Wednesday, 25 January 2023

The visual side of jazz

First things first: I'm not into jazz, know virtually nothing of American jazz, yet I do know that jazz pianist and band leader Darius Brubeck, who contributed the foreword to this tome, is the son of legendary jazz icon Dave Brubeck. My interest is in photography, my musical preference has long been rock and pop, and I imagine that to photograph a rock band or a jazz combo isn't that different. Moreover, I'm fully aware that I cannot do justice to this work which is why I will concentrate on a few rather randomly chosen aspects that caught my attention. That being said, it is good to realise that a good jazz photo is not a happenstance.

"Taking pictures isn't as easy as it looks. In my experience it is rare indeed that all four members of my quartet are identifiable in a concert shot. From stage left, my back is to the camera; from our front, the cymbal is in front of the drummer's face; from stage right, the bass player is blocking me or I'm just too far away — and so on," Darius Brubeck describes good-humouredly his photo-frustrations.

Of course, Brubeck is joking. There is clearly more to the apparent chaos of the typical jazz photograph that is trying to catch, even to create, the atmosphere of a jazz performance or the aura of a jazz musician. Moreover, it goes without saying that different photographers will go differently about their challenges. Pointing his readers to two very different photos from the same period, the book's author Alan John Ainsworth comments: "What are we to make of the contrasts between these two almost contemporaneous photographs? In terms of generation, race, location, presentation, style, and repertoire, the players seem as far removed from each other as it is possible to be. It is hardly surprising that there is little agreement among jazz scholars about the definition of the jazz tradition; some even question whether there is such a tradition." Hardly surprising indeed. As in every other field of study, one feels like adding.

Photographers are as different as jazz musicians or politicians. So, what do photographers who take pictures of jazz musicians have in common? A common affinity with jazz, writes Ainsworth, an independent scholar based in Edinburgh, whose own affinity can be felt on every page. And, he adds, the same goes for the jazz audience for whom this book seems to be written: "Jazz photographs have always been important to fans, enthusiasts, and collectors." Sight Readings, in short, is a book for aficionados.

For the full review, go here

Wednesday, 18 January 2023

How Ricardo framed me

2008, in Santa Cruz do Sul

2009, in Santa Cruz do Sul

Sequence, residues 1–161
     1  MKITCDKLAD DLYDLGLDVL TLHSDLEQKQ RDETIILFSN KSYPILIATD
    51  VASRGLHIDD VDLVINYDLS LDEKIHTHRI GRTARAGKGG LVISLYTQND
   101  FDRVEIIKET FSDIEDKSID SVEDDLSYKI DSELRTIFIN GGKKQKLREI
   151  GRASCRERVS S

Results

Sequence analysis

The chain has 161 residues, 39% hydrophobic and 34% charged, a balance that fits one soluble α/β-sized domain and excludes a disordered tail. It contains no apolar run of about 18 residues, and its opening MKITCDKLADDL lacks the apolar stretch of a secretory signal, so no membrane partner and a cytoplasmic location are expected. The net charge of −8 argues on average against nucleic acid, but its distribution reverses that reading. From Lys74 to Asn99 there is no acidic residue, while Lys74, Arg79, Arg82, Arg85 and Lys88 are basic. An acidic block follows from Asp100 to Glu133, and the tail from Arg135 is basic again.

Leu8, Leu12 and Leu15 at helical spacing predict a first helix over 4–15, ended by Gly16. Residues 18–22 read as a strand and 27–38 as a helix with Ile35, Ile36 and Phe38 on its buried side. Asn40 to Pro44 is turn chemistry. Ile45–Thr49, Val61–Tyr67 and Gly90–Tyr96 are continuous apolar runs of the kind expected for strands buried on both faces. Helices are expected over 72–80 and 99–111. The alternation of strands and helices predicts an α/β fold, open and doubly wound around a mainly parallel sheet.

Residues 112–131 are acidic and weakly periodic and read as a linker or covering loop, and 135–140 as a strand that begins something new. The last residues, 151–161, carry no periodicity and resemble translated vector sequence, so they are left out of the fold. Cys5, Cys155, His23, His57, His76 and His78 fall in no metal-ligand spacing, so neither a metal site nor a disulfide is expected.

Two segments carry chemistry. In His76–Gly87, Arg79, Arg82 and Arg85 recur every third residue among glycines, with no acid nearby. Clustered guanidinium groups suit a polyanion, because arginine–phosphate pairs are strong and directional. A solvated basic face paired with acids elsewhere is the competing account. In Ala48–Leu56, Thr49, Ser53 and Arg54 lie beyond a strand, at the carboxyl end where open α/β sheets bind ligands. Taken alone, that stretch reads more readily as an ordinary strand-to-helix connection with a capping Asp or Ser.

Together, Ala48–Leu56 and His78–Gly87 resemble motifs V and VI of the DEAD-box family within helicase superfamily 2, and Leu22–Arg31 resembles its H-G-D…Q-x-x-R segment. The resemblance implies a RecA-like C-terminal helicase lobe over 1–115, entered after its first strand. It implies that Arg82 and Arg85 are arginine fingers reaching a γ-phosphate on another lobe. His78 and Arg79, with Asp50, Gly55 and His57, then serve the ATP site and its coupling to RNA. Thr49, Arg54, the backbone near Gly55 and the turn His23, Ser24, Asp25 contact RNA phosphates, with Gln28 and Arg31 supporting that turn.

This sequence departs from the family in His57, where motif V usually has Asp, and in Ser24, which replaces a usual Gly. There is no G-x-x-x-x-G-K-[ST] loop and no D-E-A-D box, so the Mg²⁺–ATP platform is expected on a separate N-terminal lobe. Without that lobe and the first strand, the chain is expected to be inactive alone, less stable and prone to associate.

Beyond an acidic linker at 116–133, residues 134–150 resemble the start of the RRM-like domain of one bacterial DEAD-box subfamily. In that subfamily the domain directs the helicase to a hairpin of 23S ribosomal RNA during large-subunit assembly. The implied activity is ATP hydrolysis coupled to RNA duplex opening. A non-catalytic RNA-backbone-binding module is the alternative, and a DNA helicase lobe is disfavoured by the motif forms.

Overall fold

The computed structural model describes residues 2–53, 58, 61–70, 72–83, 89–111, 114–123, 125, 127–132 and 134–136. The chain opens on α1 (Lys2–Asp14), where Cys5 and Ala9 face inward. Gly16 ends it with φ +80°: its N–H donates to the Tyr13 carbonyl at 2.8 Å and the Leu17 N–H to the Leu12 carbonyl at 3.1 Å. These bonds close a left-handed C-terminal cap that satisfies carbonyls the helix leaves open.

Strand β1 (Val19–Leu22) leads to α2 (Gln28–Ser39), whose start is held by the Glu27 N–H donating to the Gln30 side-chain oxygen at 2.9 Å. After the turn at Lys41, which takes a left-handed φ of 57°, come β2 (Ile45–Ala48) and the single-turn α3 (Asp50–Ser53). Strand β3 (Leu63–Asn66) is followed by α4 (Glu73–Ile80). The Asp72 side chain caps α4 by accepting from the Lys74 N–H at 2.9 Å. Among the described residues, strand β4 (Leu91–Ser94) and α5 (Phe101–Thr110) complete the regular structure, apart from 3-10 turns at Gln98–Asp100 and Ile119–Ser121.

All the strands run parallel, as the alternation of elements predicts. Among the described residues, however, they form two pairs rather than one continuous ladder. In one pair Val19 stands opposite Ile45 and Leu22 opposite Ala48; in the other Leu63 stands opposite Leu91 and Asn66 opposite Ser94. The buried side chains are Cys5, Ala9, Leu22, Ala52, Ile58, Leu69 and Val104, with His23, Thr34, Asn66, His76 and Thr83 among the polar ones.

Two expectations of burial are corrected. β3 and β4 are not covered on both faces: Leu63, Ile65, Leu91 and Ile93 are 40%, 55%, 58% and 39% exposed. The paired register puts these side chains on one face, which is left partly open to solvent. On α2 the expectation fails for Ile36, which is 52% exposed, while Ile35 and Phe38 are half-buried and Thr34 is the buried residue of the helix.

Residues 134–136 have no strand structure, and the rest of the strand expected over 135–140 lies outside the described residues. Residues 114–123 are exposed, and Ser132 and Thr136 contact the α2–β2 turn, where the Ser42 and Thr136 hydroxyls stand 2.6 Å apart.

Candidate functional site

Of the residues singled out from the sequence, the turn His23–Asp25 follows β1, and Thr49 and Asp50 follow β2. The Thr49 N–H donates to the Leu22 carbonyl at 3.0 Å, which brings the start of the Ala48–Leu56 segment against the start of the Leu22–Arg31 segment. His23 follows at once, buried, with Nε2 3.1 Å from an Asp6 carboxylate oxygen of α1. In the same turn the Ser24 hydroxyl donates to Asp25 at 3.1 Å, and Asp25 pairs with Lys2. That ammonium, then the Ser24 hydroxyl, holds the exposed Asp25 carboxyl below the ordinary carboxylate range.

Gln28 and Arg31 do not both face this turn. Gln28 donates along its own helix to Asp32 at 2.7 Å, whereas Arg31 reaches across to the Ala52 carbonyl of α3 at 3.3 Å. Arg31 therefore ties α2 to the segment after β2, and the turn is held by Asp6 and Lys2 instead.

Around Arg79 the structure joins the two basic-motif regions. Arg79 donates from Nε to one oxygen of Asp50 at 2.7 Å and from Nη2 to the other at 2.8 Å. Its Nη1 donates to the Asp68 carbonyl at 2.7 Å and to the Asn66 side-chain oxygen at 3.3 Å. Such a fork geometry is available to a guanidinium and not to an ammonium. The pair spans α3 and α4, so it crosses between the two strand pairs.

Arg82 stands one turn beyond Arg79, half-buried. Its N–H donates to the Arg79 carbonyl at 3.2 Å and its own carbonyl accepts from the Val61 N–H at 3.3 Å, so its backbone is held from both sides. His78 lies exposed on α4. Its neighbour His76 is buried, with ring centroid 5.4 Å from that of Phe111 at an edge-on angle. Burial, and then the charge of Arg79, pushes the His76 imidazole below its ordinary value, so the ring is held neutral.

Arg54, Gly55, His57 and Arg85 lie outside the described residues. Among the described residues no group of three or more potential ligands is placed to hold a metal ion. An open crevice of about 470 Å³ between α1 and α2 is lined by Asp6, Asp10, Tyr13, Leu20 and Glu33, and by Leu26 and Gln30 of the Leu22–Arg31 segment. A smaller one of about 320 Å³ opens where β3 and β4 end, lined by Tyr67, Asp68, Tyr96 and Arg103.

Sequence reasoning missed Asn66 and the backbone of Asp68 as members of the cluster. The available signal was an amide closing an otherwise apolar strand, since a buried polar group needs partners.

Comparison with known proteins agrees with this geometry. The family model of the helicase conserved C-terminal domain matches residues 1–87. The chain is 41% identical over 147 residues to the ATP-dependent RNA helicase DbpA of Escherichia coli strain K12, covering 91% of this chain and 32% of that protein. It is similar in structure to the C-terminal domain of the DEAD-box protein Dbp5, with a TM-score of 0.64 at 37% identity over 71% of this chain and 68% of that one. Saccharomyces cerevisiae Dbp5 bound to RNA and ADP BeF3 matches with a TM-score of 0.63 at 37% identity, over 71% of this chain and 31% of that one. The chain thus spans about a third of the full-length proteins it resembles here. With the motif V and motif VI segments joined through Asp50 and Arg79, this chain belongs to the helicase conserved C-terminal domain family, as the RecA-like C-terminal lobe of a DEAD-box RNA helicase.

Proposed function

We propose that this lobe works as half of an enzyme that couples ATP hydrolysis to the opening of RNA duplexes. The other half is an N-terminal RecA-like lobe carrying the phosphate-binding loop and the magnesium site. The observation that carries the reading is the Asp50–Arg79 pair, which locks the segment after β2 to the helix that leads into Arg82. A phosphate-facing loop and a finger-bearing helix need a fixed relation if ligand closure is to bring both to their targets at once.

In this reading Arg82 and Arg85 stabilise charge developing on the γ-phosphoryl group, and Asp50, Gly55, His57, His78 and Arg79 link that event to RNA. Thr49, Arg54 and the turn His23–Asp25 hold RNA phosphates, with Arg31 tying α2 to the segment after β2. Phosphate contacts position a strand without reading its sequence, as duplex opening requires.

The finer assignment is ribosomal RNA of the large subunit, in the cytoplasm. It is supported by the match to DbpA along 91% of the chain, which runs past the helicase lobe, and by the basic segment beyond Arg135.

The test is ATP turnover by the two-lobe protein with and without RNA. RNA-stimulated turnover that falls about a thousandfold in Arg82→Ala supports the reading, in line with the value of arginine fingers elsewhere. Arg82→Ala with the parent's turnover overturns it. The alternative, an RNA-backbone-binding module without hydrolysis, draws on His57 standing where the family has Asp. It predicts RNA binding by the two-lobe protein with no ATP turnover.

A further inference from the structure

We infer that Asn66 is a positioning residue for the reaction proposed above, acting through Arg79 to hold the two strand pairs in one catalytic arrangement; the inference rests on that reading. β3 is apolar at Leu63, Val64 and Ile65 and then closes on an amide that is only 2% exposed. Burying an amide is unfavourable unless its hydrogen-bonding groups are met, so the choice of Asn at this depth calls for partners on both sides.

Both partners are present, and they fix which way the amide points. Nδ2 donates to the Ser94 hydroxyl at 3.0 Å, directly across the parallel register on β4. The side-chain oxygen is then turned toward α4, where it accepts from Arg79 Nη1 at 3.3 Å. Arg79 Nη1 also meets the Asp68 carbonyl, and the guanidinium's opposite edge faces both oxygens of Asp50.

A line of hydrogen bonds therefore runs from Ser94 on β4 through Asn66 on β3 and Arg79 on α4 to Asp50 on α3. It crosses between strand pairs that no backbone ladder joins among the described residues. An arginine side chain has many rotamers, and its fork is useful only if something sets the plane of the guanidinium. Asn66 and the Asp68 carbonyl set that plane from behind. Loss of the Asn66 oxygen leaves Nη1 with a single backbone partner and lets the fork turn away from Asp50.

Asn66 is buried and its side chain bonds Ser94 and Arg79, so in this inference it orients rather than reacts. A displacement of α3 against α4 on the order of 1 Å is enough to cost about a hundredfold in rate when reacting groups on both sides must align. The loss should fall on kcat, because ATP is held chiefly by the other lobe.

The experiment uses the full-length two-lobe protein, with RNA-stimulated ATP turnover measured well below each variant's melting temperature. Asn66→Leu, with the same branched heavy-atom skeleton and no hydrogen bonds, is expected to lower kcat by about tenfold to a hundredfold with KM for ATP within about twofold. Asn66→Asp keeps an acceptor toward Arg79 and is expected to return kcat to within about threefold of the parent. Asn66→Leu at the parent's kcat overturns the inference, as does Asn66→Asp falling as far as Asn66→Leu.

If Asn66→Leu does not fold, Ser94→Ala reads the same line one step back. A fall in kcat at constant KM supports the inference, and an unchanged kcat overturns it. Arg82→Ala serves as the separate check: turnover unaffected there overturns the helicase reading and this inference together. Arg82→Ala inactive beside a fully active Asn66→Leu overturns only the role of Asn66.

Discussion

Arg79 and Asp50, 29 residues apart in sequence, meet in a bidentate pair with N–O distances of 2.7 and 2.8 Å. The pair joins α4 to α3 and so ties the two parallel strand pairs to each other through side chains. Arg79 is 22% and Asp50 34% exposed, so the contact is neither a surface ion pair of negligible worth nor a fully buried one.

2017, in Santa Cruz do Sul

There are pictures of me that for quite some years I did not know they existed. 

The first of these three shots must have been taken in 2008. Elsa, the daughter of the late Ricardo Schütz, who had taken these photographs of me, sent it to me in January 2023. The other two I had also only seen years after Ricardo took them.

Automatically, my thoughts wander to Ricardo, a highly knowledgeable linguist and avid photographer with a particularly dry sense of humour. "When you go to Torres, you will see lots of beautiful young women in bikinis who however won't look at men our age. The only ones that will eventually look at you are women who look like your grandmother but are probably younger than you are."

Wednesday, 11 January 2023

"My" Peru in January 2012

Pictures taken along the Panamericana in January 2012.

Wednesday, 4 January 2023

Learning to choose

In the early1980s, at Matala Beach on the island of Crete, Ilse from Unterföhring told me that when she's taking pictures she always concentrates on something specific like chairs, doors or windows. I thought this an excellent approach and so I copied it for a while. And, I felt enchanted by the results. I'm still at a loss to explain why I eventually stopped pursuing it.

Twenty years later, I began to develop a rather intellectual interest in photography. My focus was on what pictures can tell. Not as much as we would like to think, I eventually concluded, for we mostly see in a picture what we bring to it: If I judge a person as a moron, I will very likely see a moron in a photograph of him (or her, of course).

When, about three years ago, I started to use my cell phone to take photographs, I had no plan what to photograph. I simply took pictures of objects and scenes that my eyes felt pleased by. My taking photographs, it seemed to me, was mainly defined by the possibilities that my cell phone camera did offer – mostly, I felt attracted by its ability to zoom in on flowers by the side of the road that so far I had not even noticed were there.

Another aspect of my taking photographs is my fascination for framing that I consider the essence of photography. Contrary to painting, where you create everything from scratch, what you photograph is already there: You only decide what to put inside the frame and what to leave out of it. 

For the full text, go here.